Erie Indian Moundbuilders Tribal Nation

Erie Indian Moundbuilders Tribal Nation
Fred Axtell, (Dancing Owl), Research Manager &
Victoria Taylor-True

Moundbuilders

In about 1000 B.C. we marked the beginning of a new period for man in North America. This period lasted until about 700 A.D. and was called the Woodland Period. During the Woodland Period, a new culture emerged and made significant settlements in what is now known as West Virginia. These people are known to us as Mound Builders. They were named that because of their practice of creating earthen burial mounds and other earthworks. Mound Builders lived over a wide range from the Atlantic, the Midwest and the Ohio Valley to Mississippi Valley. The term "mound builders" refers to several other cultures which span a period of about 20 centuries.

Mound builders were some of the first intensive farmers of North America's eastern woodlands. Their sophisticated cultures would not have been possible if it weren't for what they knew as the three sisters; corn, beans and squash. Three groups of mound builders are called Adena, Hopewell, and Mississippians. They did not call themselves Adena, Hopewell or Mississippians, but were given these names by modern scientists.

The first group of people who developed this unique way of life were the Adena people who lived from about 1000 B.C. to approximately 100 A.D. Later on another group of Mound Builders, the Hopewell, lived from about 100 A.D. to 700 A.D. and represented greater refinement over earlier the Adena culture. Different cultures extended Mound Builders to about 1300 A.D. Different archeologists give different dates.

For them to make the mounds, they first gathered baskets of dirt. They carried their burdens to a clearing, dumped the soil, and stamped it down with their feet. They retraced their footsteps many times. Days passed, and as the ribbon of workers relentlessly emptied baskets, a shape emerged and grew to great height. Variations of this scene were repeated for some 5500 years throughout the rich bottomlands of the lower Mississippi Valley.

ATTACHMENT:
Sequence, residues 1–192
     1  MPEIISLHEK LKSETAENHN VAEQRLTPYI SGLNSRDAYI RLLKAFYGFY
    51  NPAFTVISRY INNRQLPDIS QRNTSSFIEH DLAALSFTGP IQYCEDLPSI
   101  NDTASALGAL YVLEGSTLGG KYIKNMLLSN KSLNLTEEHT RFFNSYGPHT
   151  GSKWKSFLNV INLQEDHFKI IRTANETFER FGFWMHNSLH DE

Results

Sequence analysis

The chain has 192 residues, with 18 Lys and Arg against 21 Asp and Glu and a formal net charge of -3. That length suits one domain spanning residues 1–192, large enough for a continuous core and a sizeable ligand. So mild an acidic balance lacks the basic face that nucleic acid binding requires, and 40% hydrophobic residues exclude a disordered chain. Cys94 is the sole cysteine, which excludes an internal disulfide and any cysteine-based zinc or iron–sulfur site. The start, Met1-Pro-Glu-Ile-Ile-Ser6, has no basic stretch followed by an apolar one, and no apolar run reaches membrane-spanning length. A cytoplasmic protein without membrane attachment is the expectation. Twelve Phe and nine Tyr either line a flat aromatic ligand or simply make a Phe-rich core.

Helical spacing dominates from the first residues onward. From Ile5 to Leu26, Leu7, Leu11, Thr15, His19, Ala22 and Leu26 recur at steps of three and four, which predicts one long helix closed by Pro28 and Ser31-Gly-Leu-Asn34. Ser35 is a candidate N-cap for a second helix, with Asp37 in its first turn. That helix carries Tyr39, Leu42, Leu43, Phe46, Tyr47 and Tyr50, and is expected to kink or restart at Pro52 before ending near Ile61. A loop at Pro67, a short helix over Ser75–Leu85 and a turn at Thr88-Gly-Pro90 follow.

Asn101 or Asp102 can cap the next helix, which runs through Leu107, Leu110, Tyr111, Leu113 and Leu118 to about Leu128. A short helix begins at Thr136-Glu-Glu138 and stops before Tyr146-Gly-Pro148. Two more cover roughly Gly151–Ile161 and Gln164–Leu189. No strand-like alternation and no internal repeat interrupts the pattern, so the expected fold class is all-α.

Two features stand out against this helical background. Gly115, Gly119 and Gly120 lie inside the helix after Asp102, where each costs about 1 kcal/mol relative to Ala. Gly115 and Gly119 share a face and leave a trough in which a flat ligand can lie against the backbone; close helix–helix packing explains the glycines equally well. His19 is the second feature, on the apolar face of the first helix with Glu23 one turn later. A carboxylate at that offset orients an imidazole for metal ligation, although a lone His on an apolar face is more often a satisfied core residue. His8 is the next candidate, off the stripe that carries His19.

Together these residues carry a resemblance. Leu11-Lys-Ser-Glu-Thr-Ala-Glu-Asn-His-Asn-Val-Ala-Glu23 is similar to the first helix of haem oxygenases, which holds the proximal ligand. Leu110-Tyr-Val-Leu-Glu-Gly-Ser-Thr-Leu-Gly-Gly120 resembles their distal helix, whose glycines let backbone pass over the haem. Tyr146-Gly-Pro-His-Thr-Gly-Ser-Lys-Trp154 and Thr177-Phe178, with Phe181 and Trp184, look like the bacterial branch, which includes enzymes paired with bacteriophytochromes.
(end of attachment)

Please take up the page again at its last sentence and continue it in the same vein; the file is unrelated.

Adena mounds were usually built in sizes ranging from 20 to 300 feet in diameter. Adena lived in wide areas including much of present day Ohio, Indiana, West Virginia, Kentucky and parts of Pennsylvania and New York. Adena people were a well-organized society, since construction of mounds took a great deal of effort and organization.

Many people for labor were required since the Adena had not developed any sophisticated means of construction. Large amounts of earth had to be moved by basket loads. Mounds have been used more then once. In mounds there were multiple burials at the different levels. Over the period of time, mounds started to increase in size.

People who died were cremated after death, placed in small log tombs and covered with earth. People who were important were buried in the flesh and laid to rest with variety of artifacts such as flints, beads, pipes, and mica and copper ornaments.

The largest of the sites was the Grave Creek Mound. This site is late Adena Period and was built in successive stages over a period of 100 years or more


Map drawn from Time-Life Book called "Lost Civilizations; Mound builders & Cliffdwellers"


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